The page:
Disambiguated Indexical Pointing as a Tipping Point for the Explosive Emergence of Language Among Human Ancestors

Abstract

Drawing on convergent work in a broad range of disciplines, this article uses the tipping point paradigm to frame a new account of how early human ancestors may have first broken free from, as Bickerton calls it, the “prison of animal communication.” Under building pressure for an enhanced signaling system capable of supporting joint attentional-intentional activities, a cultural tradition of disambiguated indexical pointing (a finger point disambiguated by a facial expression, vocalization, or other gesture), combined with increasingly sophisticated mindreading circuitry and prosocial tendencies, may have sparked the first in the series of biocultural explosions that led from a simple protolanguage to fully modern human language. This account successfully integrates at least ten other competing hypotheses, and is shown to pass nine important tests that have been proposed for language origin scenarios of its type.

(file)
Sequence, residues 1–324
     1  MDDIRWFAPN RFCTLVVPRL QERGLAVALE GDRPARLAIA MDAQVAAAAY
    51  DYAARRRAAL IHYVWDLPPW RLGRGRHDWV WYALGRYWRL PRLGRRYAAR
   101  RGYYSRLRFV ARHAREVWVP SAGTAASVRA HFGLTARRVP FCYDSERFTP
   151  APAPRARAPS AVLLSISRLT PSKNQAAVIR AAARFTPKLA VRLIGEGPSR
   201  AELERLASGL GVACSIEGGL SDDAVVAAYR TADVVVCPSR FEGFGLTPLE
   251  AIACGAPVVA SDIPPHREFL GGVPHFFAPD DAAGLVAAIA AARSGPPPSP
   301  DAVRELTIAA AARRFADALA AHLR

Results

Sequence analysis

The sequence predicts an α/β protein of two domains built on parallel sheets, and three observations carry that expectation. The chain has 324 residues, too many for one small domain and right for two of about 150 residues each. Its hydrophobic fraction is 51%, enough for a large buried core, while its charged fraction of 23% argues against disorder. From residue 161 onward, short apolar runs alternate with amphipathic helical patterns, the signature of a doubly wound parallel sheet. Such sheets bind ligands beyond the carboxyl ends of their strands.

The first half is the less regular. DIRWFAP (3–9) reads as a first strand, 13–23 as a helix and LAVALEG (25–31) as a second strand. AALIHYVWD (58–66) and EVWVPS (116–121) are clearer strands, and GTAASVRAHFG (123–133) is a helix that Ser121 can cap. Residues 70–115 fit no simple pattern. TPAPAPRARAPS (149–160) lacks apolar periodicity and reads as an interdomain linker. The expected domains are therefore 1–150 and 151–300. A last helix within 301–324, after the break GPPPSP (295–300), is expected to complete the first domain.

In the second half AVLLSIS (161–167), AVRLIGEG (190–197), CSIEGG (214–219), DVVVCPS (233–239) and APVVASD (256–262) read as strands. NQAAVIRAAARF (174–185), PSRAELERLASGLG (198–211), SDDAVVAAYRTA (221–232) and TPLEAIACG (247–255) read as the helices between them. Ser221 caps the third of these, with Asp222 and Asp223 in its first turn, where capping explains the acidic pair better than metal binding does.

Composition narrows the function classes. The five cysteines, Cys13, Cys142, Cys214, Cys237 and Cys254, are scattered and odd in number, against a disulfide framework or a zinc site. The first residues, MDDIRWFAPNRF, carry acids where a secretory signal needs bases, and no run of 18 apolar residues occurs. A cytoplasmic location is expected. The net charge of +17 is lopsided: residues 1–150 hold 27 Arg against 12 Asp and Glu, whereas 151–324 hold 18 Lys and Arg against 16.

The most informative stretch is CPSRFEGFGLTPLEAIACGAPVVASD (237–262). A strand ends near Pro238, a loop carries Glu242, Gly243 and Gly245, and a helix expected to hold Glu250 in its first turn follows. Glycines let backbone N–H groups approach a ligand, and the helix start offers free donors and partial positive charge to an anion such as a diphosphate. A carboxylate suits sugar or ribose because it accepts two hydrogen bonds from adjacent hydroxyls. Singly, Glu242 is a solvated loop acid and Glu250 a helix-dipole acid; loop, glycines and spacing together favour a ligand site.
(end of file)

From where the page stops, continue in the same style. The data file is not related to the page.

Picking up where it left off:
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Notes

  1. 1.

    The others are “information storage outside the brain,” and “the appearance of technology capable of communicating and manipulating vast amounts of information outside humans.”

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Acknowledgements

Alan Collins, Stan Franklin, Peter Gärdenfors, Ulrike Griebel, Bill Griffin, Barry Hewlett, Brig Klyce, Brian MacWhinney, Chris Sinha, Sid Straus, and two anonymous reviewers all gave helpful comments on earlier versions of the paper.

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Morrison, D.M. Disambiguated Indexical Pointing as a Tipping Point for the Explosive Emergence of Language Among Human Ancestors. Biol Theory (2020). https://doi.org/10.1007/s13752-020-00355-6

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Keywords

  • Critical transition
  • Human evolution
  • Indexical pointing
  • Joint attention
  • Language and gesture
  • Language evolution
  • Language precursors
  • Niche construction
  • Shared intentionality
  • Tipping point